Dumpster Fyre of Advertising Issues
The recent Netflix and Hulu documentaries about the Fyre Festival have thrust the failed event back into the spotlight. That was a few scandals ago, so for those of you who don’t remember it, here’s a short recap.
Billy MacFarland and Ja Rule wanted to host a luxury festival on a deserted island. They found an island that belonged to Pablo Escobar, and secured a lease on the condition that they wouldn’t mention the drug lord’s name. Not long after that, Fyre used Escobar’s name in a social media post. And not long after that, the company was forced to find a new deserted island – or find a way to make an inhabited one look deserted. (They chose option B.)
Meanwhile, a group of over 60 influencers – including Kendall Jenner and Emily Ratajkowski – got to work promoting the festival on Instagram, without disclosing that they had been paid to do so. (According to some reports, the initial group of influencers were paid between $20,000 and $250,000 each.) This resulted in over 300 million impressions in 24 hours. The hype worked, and people started paying up to $12,000 for tickets.
Things on the ground were going less smoothly. When guests arrived, instead of finding the luxury accommodations, gourmet food, and big-name bands they were promised, they found FEMA tents, a food shortage, and none of those bands. If you’re wondering whether any of this is fraud, Ja Rule directly addressed that question in the Netflix documentary. During a phone call, he assured his colleagues that it’s not fraud – it’s just "false advertising." (Note to Mr. Rule’s lawyer: maybe keep him off the witness stand.)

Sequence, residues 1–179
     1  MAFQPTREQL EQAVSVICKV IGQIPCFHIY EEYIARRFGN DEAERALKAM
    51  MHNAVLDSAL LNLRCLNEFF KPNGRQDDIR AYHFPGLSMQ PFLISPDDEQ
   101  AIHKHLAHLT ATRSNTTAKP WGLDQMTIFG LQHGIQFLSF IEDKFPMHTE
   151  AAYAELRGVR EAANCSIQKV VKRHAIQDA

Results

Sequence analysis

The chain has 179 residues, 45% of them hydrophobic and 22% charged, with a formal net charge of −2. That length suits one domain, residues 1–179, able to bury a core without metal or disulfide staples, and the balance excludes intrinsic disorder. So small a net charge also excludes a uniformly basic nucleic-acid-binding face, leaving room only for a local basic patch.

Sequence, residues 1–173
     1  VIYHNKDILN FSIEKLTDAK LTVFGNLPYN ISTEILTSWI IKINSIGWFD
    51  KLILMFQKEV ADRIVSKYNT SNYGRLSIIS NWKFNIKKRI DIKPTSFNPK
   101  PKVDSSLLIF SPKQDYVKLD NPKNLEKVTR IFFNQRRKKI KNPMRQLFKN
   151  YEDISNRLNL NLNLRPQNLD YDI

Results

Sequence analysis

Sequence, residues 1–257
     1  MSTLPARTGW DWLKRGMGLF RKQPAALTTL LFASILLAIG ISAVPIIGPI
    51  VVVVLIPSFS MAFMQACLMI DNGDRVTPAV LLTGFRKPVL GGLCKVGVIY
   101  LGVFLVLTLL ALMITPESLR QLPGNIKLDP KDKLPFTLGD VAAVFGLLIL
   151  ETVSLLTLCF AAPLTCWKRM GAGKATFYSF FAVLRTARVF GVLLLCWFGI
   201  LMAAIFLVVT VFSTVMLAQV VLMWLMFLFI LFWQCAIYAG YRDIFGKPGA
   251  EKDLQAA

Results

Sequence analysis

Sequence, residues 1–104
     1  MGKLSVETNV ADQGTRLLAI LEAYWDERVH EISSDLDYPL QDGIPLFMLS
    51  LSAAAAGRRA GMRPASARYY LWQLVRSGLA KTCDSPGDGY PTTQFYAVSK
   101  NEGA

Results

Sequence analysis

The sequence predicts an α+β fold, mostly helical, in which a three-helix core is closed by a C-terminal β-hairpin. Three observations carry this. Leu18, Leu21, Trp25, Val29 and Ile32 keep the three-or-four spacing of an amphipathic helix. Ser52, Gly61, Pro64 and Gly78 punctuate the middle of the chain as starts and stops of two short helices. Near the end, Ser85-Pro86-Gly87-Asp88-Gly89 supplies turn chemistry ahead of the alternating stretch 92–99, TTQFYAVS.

As MacFarland sits in jail and Ja Rule and his colleagues fight lawsuits, a federal judge gave a bankruptcy trustee permission to subpoena Kendall Jenner’s company, some of the agencies that represented other influencers, and other vendors who were paid to organize or promote the festival. It’s too early to tell what will happen next, but these developments are likely to lead to more scrutiny about how companies advertise on social media and use influencers.
We’ve posted about these issues many times before. To summarize:
- Social media posts are subject to advertising laws, so those posts must be truthful and not misleading;
- Influencers need to disclose their connections to the companies they are promoting; and
- Companies need to take steps to manage their influencers.